Recently a member of the TimeBank team came to talk to me about a volunteering opportunity he was considering and asked if I would approve it.
It was slightly odd that he should need my permission as we are a national volunteering charity which gives all our staff five days volunteering leave and pro-actively encourages people to volunteer.
But this was slightly different and I had no idea at the time the broader implications it might have on our organisation.
Richard had seen a tweet from Guide Dogs for the Blind asking if someone wanted to trial a new flexible volunteering opportunity looking after a young guide dog in training. So the volunteering question he asked me was whether he could have a dog in the office.
Now as it happens I’ve had dogs my entire life – the only reason I don’t currently is because my job would mean leaving it home alone for too long - so to say he was pushing at an open door would be an understatement. But what about the others in the office – there were all sorts of things to consider; fear of dogs, religious beliefs, dislike or even the smell! So I said I’d see how people felt about it – which I did.
However it set me thinking. If I’d appointed someone who was blind, and had a dog, to work in our organisation - and we have a very clear equal opportunities policy so it’s quite possible – I wouldn’t be asking the staff if they minded having a dog, I’d be telling them that the new staff member had a guide dog. Of course we would consider all the issues mentioned above and move people around the office to accommodate any issues but it would be a no brainer. We’d just do it. So it was an important lesson for me and our staff to think about the broader implications of what we were doing.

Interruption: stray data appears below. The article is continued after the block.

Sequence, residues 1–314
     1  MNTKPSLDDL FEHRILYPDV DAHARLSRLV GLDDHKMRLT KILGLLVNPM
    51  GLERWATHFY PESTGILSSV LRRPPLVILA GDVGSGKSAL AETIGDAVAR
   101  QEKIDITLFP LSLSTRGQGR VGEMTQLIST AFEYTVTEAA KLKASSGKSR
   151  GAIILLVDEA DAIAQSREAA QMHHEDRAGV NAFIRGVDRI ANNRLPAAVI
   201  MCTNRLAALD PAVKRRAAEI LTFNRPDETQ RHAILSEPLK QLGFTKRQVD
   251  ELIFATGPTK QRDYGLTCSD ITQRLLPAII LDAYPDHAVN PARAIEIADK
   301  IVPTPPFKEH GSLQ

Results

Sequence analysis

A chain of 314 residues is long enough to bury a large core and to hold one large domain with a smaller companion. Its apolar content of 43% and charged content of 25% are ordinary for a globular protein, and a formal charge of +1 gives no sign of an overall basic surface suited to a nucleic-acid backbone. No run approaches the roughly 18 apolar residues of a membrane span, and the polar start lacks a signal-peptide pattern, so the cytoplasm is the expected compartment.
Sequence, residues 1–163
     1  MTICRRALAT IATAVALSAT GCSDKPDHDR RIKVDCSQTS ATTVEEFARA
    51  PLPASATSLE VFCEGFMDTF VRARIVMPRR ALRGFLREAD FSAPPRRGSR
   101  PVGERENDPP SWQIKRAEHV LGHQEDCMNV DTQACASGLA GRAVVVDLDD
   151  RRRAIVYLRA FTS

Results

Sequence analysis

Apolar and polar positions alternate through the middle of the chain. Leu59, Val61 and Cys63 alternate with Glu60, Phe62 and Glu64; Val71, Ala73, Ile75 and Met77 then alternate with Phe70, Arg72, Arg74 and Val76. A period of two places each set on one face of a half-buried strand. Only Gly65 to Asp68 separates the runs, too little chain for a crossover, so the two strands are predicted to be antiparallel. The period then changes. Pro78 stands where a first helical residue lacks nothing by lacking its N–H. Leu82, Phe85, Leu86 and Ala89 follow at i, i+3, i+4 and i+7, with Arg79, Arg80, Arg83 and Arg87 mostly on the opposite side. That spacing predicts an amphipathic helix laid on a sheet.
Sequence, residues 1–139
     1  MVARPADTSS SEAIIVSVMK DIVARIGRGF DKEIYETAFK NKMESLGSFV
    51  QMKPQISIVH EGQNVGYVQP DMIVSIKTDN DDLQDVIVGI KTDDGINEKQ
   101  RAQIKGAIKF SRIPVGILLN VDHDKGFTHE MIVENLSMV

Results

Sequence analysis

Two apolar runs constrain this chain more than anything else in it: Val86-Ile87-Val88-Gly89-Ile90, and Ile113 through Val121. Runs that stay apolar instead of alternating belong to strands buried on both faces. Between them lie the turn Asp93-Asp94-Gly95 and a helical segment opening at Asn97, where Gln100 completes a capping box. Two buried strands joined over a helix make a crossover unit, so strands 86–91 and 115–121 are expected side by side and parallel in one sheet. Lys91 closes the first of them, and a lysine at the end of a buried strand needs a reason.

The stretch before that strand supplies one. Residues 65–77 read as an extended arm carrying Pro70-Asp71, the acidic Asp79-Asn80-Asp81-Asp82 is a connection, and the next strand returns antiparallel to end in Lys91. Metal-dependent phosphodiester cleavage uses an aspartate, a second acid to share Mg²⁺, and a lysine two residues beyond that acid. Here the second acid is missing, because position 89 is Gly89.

It also underlined a message TimeBank is constantly putting out, that it is vital to provide flexible, impactful volunteering opportunities for people to take up. Guide Dogs want to be able to include people like Richard who work full time and can’t have a dog but who would be excellent temporary custodians of their trainee dogs. By being flexible and looking at how that might work this pilot is win win for the volunteer and the benefiting charity.
So Mason, a black lab/golden retriever cross, arrived for his first day. We’d had guidance from Guide Dogs about not looking at him, or petting him or giving him treats but just ignoring him and letting him be a working dog. After the first few weeks he’s part of the furniture - he gets dropped off after his morning training, goes off for a couple of hours in the afternoon for more training and gets picked up in the evenings. He sits under a desk next to Richard and sometimes now we can go and say hello and give him a pat. But everyone just accepts him.
So I guess what we’ve got out of it, somewhat unexpectedly, is a lesson in diversity, in accepting the ‘unusual’ and being willing to try something new and an awareness of some of the challenges of being blind and the value a dog might have.
All we are really doing is helping Mason learn to be in an office so he can be matched with someone who will work in an office. But somehow he’s changed us for the good and he’s become a regular member of the TimeBank team who we say good morning to. Unlike them he does tend to rock up and go to sleep at his desk – perhaps not the best example for his colleagues!